This page best explains my investing philosophy: Taking a Thematic Approach to Investing
Theme investing goes beyond simple asset allocation. It entails looking at the world around us, and asking ourselves: what are the bigger structural trends in world society, politics the economy and financial markets, what themes are likely to drive markets over the next years and how can I best position myself for those today? Theme investing is an investment approach where investors identify trends from a top-down angle, find themes that fit within that trend and then identify investments that will benefit.
Theme investing is not the same as passive investing, yet it is not the same as active investing either. Rather than picking individual companies, we are picking broader market themes that are much easier discernible than whether specific companies will fare well or not. Who could deny globalisation, for instance? The themes I discuss can be societal, geopolitical, technology-related or financial and economical. If the themes play out over the longer run, you should be able to generate strong returns.
On Portfolios for Thematic Investors, I post about anything and everything related to investing, but most importantly I outline these themes – like water, tourism or rising interest rates – and link them to assets you can easily invest in to get exposure to them.
You can then use these sub-portfolios as building blocks in your personal asset allocation process, by either building a portfolio full of them, or adding them as an additional allocation in your existing portfolio (an idea could for instance be to have a 33% traditional bonds allocation, 33% equity and 33% themes).
For every subportfolio I:
- Indicate a percentage range that I’d suggest to allocate to them
- Make an (entirely subjective) assessment of how likely a theme is to play out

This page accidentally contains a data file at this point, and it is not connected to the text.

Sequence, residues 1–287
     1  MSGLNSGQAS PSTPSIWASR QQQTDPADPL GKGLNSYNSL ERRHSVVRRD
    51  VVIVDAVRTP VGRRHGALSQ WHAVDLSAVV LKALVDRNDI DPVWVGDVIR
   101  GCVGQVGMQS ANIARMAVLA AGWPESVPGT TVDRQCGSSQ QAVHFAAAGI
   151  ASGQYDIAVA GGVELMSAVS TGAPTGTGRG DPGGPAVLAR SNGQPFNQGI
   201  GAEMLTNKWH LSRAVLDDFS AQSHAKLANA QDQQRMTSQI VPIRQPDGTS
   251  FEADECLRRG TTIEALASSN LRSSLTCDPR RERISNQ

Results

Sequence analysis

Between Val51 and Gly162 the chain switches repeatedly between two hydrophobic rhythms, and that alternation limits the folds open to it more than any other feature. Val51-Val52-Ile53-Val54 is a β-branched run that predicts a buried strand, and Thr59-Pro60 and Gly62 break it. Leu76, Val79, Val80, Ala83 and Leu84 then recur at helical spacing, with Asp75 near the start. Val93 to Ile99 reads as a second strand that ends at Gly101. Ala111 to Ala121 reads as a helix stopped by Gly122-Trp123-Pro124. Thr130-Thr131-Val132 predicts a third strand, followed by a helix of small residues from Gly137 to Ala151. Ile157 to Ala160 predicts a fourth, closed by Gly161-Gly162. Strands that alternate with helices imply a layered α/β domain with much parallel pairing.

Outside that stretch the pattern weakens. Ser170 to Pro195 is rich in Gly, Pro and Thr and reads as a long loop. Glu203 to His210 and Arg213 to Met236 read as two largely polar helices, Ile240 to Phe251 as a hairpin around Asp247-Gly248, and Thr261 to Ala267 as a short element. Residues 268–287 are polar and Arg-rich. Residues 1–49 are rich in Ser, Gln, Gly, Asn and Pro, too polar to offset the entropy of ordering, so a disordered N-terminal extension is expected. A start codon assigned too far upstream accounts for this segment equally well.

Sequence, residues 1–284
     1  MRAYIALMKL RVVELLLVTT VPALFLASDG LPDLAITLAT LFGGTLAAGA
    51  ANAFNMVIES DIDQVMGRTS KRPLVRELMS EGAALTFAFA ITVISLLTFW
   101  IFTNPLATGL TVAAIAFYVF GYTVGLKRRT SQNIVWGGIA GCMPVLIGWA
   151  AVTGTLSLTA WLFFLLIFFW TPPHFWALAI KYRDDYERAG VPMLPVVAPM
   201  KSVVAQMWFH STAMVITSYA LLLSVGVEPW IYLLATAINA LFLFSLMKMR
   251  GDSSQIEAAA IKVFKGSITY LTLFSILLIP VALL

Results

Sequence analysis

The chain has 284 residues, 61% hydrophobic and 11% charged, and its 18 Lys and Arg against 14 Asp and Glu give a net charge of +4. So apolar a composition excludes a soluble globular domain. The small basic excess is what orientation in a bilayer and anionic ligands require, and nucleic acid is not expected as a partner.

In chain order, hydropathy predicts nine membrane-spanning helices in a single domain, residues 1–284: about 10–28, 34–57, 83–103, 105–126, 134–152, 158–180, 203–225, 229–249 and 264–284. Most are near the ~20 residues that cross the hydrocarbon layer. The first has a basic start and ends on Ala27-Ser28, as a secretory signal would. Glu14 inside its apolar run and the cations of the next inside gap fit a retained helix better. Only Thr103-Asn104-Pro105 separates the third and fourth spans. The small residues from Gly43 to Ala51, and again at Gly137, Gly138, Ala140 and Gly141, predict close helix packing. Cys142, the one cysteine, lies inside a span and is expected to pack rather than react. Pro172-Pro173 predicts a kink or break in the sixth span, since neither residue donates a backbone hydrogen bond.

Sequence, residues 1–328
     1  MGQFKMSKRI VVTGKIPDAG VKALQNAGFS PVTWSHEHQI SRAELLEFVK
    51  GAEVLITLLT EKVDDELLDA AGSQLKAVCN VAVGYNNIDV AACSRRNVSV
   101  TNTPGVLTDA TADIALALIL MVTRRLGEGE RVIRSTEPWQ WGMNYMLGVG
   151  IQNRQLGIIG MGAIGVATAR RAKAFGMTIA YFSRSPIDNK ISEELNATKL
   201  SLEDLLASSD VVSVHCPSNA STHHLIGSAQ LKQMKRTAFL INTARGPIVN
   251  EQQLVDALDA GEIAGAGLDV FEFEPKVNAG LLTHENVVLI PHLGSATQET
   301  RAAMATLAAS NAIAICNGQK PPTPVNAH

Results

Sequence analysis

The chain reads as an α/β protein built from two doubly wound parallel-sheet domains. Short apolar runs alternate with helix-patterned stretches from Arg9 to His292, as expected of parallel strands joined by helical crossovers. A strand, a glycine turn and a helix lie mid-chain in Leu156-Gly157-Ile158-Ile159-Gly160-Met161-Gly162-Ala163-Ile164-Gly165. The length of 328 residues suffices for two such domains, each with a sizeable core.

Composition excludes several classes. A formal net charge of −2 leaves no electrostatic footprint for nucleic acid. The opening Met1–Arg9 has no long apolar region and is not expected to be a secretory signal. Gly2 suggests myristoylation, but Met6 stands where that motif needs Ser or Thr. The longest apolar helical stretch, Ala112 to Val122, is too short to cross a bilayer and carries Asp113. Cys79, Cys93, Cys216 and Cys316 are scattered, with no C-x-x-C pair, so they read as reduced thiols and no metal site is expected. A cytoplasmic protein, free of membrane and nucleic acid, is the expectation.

- Give you risk statistics like ex-ante volatility and Value at Risk
- Give you several relevant stress scenarios (e.g. how would a theme portfolio have played out if 2008 happened again?)
- And finally I follow through their performance as we move ahead and compare that to a total world stock index for benchmarking purposes
Most portfolios will consists of some combination of stocks, bonds and ETFs. Given that most of my readers will not be professional investors I will largely stay away from derivatives. Thankfully however, an increasing amount of niche ETFs allow regular investors to get derivative-like exposure in their portfolios whenever required (think inverse bond and stock ETFs or long and short currency ETFs) so we don’t end up too far off from what the pros can achieve.
For inspiration only…
All of these portfolios are just high level ideas, giving you food for thought in terms of where to allocate. Obviously, if I suggest that part of a portfolio should make use of a specific energy ETF, you can actually fill up that allocation with many similar products. You could even replace it with energy-related stocks. The point is that you should have some energy exposure there to hedge against the theme playing out.
So who am I and why am I doing this?
I have been working for some of the larger banks and global asset management firms for well over a decade now. I have worked in risk management, quantitative and front office jobs in several different global locations, helping to manage equity, fixed income and multi asset portfolios throughout the years.
During the week I am behind my Bloomberg terminal analysing/constructing portfolios and booking trades, while in my free time I am determined to share some of my investing knowledge and thinking with you. For what it may be worth.